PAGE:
Ability to plan for different delivery methods used for the MG training. (In person, Zoom, hybrid, online)

Ability to match the training to the delivery method used.

Ability to train volunteers to recognize potential MG projects.

Ability to train volunteers to provide horticulture education to the public.

Ability to train volunteers to use technology relevant to the MG Program. (Reporting System Desktop Version, Reporting System Smartphone App, Remind Communication App, Email)

Ability to collaborate with other MG County Coordinators to provide learning opportunities for volunteers.

Ability to provide educational training opportunities on horticulture topics for volunteers by utilizing appropriate teaching tools and techniques.

Utilization

Ability to identify and use veteran MG volunteers to help manage the training sessions.

Ability to accommodate and provide appropriate opportunities for volunteers that have physical limitations.

Ability to delegate tasks to volunteers that are appropriate to their knowledge/ability.

Ability to work with MG volunteer leaders (board) to plan and implement meetings and events.

Ability to successfully guide volunteers throughout their volunteering efforts.

Ability to manage conflict among volunteers with varying opinions.

Ability to retain MG volunteers over time by keeping them engaged in appropriate activities.

Recognition

Ability to motivate volunteers by recognizing and rewarding them for volunteer service.

Evaluation

Ability to promote the effectiveness and benefits of the MG Program to county government officials.

Ability to effectively use the MG Volunteer Reporting System.

Ability to evaluate MG projects to determine the continuation of the project.

Ability to process MG volunteer annual reports.

General Knowledge and Skills

Knowledge of conflict and conflict management.

Understanding the criteria for approval of MG county projects.

Knowledge of fundraising for MG projects.

Understanding of how and why to create a MG banking account.

Ability to enroll volunteers for training and explain what is expected as volunteers.

Ability to utilize computer-based software to keep MG information organized.

Ability to relay information from State MG Coordinator to Master Gardener volunteers using face to face and digital communications.

Ability to handle and adjust to changes in the MG Program participants. (lose interest, move away, pass on, or have bad health)

Understanding the importance of social media for all aspects of MG volunteers and the MG Program.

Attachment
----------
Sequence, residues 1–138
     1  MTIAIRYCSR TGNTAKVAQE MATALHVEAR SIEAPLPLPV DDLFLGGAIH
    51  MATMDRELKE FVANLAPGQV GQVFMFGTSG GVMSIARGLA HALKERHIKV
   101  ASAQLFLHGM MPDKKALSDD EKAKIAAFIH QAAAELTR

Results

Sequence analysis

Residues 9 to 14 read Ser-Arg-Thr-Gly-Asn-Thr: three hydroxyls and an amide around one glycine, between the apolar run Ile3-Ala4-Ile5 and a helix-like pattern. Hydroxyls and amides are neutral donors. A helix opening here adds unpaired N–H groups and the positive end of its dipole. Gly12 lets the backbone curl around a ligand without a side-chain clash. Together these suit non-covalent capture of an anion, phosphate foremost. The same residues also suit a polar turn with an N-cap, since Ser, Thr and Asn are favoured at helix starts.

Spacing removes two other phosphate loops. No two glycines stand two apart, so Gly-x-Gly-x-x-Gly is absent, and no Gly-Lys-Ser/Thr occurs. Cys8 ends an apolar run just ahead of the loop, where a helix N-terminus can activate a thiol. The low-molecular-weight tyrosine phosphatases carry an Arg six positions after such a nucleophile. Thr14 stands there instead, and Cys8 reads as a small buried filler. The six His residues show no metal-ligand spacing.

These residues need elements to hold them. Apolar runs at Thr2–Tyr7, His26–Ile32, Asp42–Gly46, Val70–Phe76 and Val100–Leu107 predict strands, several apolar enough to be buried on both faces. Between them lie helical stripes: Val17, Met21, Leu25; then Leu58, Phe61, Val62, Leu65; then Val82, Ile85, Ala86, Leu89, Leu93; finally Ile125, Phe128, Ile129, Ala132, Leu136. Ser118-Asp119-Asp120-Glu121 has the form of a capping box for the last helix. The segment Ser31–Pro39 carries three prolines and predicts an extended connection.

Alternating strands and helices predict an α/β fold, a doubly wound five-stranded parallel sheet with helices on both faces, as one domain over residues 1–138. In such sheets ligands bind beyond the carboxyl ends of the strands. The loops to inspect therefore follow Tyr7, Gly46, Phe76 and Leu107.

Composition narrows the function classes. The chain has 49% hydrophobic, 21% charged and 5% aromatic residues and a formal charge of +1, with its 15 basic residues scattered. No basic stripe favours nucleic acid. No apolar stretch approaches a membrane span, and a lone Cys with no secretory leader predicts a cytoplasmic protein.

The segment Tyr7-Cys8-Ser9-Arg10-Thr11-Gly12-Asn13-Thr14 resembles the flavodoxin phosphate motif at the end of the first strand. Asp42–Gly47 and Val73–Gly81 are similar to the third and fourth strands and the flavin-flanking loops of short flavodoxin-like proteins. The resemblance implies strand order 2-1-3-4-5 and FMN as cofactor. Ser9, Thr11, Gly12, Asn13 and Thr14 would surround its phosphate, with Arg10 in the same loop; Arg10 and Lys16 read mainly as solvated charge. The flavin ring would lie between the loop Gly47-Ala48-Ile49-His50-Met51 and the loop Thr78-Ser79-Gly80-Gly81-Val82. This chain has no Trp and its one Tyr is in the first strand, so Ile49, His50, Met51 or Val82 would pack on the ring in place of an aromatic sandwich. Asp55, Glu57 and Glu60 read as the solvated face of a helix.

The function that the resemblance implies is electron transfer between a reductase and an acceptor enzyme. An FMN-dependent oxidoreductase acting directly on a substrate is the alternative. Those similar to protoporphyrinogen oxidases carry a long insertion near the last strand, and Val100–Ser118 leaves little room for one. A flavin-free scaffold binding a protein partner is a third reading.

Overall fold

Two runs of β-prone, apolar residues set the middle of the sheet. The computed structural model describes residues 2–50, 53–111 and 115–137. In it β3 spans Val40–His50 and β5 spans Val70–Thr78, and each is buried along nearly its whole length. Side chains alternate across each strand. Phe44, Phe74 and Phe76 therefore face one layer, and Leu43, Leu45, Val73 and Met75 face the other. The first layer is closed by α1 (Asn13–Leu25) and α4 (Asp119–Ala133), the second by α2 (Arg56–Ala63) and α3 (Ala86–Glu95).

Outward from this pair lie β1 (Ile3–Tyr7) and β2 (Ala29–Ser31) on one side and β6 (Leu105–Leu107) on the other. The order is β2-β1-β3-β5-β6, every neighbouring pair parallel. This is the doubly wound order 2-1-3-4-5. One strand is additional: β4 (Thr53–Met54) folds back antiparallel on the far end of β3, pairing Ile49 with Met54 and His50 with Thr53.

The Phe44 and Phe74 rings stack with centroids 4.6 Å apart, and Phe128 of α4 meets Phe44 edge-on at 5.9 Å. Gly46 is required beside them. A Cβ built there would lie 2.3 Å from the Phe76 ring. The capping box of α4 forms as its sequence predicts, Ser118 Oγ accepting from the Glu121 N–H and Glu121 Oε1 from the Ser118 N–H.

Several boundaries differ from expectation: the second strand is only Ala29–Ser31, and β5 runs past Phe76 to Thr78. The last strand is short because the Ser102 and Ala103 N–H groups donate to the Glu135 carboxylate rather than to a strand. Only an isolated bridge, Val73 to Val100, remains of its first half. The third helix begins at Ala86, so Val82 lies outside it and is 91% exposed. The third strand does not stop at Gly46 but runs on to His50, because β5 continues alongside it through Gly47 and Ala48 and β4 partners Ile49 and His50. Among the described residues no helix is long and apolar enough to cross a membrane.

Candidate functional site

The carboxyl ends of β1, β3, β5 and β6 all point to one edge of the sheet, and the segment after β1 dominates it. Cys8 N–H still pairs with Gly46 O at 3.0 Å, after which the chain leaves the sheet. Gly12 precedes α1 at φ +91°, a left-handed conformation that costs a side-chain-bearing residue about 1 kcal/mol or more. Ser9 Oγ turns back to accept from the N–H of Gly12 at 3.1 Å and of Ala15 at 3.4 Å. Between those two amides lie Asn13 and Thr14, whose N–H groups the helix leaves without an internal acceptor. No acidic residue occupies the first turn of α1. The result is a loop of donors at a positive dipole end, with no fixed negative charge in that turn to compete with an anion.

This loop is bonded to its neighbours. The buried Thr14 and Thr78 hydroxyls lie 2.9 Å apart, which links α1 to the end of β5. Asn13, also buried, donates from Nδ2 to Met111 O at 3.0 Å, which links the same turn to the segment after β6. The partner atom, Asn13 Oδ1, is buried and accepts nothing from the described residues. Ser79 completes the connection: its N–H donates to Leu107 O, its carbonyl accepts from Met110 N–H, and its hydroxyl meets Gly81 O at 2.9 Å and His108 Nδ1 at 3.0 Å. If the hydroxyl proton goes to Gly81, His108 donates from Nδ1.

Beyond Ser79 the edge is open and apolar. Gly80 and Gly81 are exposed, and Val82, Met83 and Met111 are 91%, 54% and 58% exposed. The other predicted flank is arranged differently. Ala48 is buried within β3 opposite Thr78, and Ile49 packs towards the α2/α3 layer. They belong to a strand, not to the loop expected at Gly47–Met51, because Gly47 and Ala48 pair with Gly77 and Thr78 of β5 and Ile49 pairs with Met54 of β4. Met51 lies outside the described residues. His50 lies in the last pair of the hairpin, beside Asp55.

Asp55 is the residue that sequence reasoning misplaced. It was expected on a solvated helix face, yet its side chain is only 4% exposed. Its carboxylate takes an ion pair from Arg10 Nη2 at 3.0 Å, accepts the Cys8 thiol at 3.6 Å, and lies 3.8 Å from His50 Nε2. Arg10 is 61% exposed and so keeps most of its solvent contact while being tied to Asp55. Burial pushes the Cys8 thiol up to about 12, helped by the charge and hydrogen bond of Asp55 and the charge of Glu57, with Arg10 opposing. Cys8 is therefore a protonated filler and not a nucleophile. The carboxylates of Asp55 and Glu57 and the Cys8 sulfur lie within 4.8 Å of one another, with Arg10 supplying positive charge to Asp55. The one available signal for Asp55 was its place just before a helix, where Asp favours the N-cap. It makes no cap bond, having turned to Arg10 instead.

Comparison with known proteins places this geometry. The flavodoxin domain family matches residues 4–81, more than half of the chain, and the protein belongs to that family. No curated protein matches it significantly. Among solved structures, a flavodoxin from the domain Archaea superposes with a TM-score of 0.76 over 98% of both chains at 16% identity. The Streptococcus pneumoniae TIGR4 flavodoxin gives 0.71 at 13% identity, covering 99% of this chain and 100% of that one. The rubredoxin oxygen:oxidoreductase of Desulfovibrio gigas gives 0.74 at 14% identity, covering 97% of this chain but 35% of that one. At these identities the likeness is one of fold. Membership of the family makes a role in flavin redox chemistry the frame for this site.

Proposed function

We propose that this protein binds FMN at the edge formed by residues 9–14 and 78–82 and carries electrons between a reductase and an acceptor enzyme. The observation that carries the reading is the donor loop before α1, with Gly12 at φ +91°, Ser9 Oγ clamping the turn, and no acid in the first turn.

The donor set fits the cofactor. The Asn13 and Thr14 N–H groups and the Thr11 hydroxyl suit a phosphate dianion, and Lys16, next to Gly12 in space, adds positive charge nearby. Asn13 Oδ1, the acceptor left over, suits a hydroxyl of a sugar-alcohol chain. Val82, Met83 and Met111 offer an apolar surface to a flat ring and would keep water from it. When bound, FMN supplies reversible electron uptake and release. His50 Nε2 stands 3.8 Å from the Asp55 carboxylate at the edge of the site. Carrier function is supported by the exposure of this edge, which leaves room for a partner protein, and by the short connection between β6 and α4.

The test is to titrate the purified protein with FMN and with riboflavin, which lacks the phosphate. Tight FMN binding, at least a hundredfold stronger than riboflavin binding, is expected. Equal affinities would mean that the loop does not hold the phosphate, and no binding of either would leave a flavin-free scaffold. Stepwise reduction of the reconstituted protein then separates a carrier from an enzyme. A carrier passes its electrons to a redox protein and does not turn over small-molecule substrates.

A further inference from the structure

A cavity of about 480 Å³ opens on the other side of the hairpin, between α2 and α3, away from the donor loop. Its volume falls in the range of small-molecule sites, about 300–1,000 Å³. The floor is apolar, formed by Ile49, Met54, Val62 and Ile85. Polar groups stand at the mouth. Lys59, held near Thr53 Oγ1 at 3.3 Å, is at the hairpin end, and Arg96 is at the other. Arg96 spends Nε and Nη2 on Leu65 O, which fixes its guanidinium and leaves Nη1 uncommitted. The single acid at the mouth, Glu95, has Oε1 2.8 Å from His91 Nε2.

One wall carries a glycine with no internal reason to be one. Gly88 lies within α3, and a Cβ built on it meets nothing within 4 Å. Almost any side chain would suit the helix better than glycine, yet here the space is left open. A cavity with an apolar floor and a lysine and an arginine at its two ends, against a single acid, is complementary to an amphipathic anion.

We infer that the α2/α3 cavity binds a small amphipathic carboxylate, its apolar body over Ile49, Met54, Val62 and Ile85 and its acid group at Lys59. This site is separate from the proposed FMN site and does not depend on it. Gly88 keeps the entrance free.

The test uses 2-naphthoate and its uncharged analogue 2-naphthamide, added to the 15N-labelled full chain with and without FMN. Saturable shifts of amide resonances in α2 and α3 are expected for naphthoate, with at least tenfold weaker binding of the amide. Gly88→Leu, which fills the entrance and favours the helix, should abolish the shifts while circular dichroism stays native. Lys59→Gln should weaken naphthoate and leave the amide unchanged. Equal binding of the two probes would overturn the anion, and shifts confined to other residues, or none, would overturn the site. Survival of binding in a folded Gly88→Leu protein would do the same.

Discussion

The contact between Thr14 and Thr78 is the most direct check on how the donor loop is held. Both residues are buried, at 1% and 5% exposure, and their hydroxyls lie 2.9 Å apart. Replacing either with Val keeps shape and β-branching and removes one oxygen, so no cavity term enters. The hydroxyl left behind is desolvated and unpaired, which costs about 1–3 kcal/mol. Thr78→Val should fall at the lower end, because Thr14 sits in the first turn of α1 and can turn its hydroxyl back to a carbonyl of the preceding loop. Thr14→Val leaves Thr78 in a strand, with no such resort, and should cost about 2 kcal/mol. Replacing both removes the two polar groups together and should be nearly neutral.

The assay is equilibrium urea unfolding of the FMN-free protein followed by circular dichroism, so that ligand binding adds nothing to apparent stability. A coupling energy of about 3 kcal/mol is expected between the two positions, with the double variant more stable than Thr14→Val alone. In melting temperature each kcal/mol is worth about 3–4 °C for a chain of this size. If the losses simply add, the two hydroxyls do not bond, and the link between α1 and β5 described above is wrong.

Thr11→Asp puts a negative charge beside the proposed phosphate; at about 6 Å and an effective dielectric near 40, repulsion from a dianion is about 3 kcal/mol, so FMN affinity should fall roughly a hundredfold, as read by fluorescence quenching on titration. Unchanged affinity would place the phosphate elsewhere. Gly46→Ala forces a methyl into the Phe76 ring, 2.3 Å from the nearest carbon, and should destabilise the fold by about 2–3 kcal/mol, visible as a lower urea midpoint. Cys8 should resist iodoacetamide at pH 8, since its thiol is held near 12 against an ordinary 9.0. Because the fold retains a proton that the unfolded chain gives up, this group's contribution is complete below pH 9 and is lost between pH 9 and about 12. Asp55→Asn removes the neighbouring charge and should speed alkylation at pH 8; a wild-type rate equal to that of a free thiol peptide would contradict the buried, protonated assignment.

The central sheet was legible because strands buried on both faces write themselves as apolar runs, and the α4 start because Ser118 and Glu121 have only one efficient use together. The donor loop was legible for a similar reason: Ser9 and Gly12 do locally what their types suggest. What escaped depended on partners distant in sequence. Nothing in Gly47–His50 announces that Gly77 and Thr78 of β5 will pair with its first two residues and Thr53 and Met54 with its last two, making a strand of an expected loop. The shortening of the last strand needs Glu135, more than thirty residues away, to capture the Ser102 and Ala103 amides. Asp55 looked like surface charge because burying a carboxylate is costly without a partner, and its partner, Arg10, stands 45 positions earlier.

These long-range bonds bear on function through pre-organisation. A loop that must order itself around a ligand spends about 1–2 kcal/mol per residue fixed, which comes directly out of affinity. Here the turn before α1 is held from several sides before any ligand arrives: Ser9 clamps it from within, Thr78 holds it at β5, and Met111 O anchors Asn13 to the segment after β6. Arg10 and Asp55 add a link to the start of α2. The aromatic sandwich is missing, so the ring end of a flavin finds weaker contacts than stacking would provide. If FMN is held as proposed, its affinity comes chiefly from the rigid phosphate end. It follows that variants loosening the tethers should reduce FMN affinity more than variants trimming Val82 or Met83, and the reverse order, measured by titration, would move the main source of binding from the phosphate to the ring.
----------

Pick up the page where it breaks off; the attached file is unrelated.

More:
Ability to use appropriate social media platforms.

The questionnaire of all the competency statements and an open-ended response option for additional competencies was administered using Qualtrics (www.qualtrics.org) . There were two rounds of questionnaires. In the first round, participants were asked to review the competencies and assess their perceived importance to successfully manage MG volunteers and the MG Program. Participants were asked to rate each competency on a five-point Likert scale (1 = Unimportant; 5 = Very Important). Participants also could suggest competencies that were not listed. That information was incorporated into the second round of questionnaires, since Extension agents should have the opportunity to identify the knowledge, skills, and behaviors they will need to be effective administrators of volunteer groups (Stone & Bieber, 1997).

During the second round, respondents were asked to review the competencies and rate their perceived importance. Based on the literature, three rounds of questionnaires are common to reach consensus among respondents (Boyd, 2004). However, a detailed analysis of responses from the second round revealed no new information and yielded consensus. As such, it was deemed that a third round was unnecessary. 

Identification and Selection of Participants

This study utilized a non-random, purposive sampling technique to identify and select participants. “The purposive sampling technique, also called judgement sampling, is a deliberate choice of an informant due to the qualities the informant possesses” (Tongco, 2007, p.147). Twenty-six county-level Extension agents in Mississippi who manage a local MG Program were identified to participate in the study. Sample sizes ranging from 11 to 30 are typical for the Delphi method and have been shown to be effective and reliable (Dalkey, 1969).